Daring to Hope, Longing for Revival—An Incoming Freshman’s Reflections
There’s no easy response to this. “I’m sorry” sounds forced. “Did you get good sleep?” sounds accusatory. No, there’s not a good response because wrapped up in “I’m tired,” uttered by so many of my high school classmates, is so much of who we are.
We’re tired because we stayed up late on our phones, because we couldn’t sleep, because we couldn’t stop worrying about our grades, because our parents pressured us too much to succeed, because our parents are stressed, because they’re losing their jobs, because there’s a virus killing millions of people across the globe.
How do you respond to that?
The high school Class of 2021—my class, the class entering college this fall—was sandwiched smack-dab in the middle of COVID-19. When the pandemic hit, we were juniors. I barely knew how to drive. What we thought was an extended spring break turned into our last two years of high school disrupted (perhaps the best word is ruined) by a virus we couldn’t control.
Senior year consisted of virtual proms, Google Calendar events, and the constant sense of burnout from months of listening to teachers drone on over Zoom. It was often difficult to tell if we dictated our online lives, or if our online lives dictated us. As I write this now, I’m an 18-year-old preparing to enter a world ravaged by climate change, a global pandemic, and political conflict.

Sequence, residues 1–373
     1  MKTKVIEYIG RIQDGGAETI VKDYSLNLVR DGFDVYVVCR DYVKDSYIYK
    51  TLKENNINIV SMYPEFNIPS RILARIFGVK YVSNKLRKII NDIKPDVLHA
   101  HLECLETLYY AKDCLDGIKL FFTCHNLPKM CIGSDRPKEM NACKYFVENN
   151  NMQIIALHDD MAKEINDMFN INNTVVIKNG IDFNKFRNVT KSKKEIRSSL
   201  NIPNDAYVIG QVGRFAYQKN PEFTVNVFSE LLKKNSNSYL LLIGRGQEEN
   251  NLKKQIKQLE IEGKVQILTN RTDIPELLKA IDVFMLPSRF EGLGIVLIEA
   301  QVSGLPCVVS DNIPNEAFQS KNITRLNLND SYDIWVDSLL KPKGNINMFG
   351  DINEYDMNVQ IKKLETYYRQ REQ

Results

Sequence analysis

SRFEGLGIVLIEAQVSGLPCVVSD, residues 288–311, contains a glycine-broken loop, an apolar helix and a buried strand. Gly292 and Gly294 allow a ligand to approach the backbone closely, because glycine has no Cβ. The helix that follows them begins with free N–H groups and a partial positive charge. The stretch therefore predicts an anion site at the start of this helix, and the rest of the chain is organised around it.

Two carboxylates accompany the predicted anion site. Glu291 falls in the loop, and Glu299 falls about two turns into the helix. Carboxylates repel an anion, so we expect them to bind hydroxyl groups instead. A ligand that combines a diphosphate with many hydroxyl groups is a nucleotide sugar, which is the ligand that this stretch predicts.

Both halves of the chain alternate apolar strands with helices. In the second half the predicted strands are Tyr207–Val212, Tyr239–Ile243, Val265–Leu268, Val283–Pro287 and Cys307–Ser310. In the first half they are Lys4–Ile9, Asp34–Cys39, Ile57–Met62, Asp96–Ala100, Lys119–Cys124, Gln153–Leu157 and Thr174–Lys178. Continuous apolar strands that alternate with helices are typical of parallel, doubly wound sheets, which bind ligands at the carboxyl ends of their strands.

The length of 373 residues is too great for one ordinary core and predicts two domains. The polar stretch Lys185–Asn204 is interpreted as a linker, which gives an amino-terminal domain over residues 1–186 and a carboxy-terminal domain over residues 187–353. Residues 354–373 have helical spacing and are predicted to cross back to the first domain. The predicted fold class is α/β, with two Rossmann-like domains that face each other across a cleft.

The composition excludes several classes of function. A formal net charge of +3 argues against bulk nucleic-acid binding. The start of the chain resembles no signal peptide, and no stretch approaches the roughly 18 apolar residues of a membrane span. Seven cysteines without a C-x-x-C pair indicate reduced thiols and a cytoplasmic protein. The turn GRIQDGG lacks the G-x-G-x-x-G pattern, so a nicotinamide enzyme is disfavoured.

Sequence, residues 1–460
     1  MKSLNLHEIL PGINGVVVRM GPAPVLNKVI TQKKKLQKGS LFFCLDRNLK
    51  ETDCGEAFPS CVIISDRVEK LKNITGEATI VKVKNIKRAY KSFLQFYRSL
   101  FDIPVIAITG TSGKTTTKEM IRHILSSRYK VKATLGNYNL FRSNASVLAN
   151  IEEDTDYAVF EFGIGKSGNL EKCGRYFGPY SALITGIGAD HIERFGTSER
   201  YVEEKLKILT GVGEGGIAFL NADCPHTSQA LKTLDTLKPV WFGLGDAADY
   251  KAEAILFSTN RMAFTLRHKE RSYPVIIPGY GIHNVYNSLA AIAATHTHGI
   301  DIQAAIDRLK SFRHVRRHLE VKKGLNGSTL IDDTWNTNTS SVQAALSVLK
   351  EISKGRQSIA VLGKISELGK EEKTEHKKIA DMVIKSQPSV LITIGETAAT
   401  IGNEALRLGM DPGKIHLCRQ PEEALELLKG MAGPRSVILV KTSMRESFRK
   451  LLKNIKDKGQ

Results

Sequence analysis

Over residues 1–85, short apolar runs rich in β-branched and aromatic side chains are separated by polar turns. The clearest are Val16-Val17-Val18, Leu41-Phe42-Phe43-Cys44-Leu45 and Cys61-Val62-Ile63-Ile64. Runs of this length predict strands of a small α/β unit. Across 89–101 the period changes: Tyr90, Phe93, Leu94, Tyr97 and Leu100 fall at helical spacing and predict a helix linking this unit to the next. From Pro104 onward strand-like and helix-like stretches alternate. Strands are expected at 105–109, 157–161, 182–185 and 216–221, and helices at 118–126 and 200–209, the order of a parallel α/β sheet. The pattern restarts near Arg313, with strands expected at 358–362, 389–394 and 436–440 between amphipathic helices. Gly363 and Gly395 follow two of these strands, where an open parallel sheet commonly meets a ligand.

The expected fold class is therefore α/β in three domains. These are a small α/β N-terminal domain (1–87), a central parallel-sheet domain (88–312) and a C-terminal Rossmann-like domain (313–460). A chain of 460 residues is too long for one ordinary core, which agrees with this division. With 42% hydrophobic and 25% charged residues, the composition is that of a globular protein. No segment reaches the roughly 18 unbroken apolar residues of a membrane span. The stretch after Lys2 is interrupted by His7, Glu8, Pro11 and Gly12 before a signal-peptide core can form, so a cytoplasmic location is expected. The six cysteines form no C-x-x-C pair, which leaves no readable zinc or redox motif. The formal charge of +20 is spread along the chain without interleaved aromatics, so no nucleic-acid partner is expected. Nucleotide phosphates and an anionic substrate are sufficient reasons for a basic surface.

Amidst all this pain, our deepest needs are revealed. The Class of 2021 is longing for summer after a long, lonely winter. We yearn to unify ourselves around a common goal. We pant for revival, to patch the lonely holes in our own hearts with real connection. And we itch for a chance to slow the pace of our frantic online lives and think, process, reflect.
Here’s what we need.
Social media is Gen Z’s cultural center. It’s where we go to express, to create, to entertain, to learn. Although apps like Instagram and TikTok may have a reputation of being pointless (I hear you, parents), many incredible campaigns have flourished in the grassroots network of stories, highlights, and posts. Earlier this year, Ratatouille: The TikTok Musical (I know, it sounds absurd) raised $2 million for The Actors Fund, just one example of large-scale campaign building over social media. It’s hard to check my feeds nowadays without seeing friends calling others to join a cause of some kind.
Following an invitation from a friend, I worked at the polls for the presidential election last year. To my surprise, most of my fellow election officials weren’t elderly—quite the opposite. Our chief official (my boss) was a freshman at the University of Wisconsin-Madison. Seeing all the young faces around, wholly dedicated to helping people exercise their right to vote, further confirmed what I’d already been seeing: young people are searching for something to get behind.
Despite the varying shades of our opinions online, deep down, we’re all looking to mend the divisions in our broken society. Social media has allowed us to spread petitions, invitations, and campaigns further than ever before, and my fellow classmates and I want to continue that spirit of wide-scale unification for the gospel as we enter college. We yearn for both mega-events like worship nights but also micro-events like Bible study groups.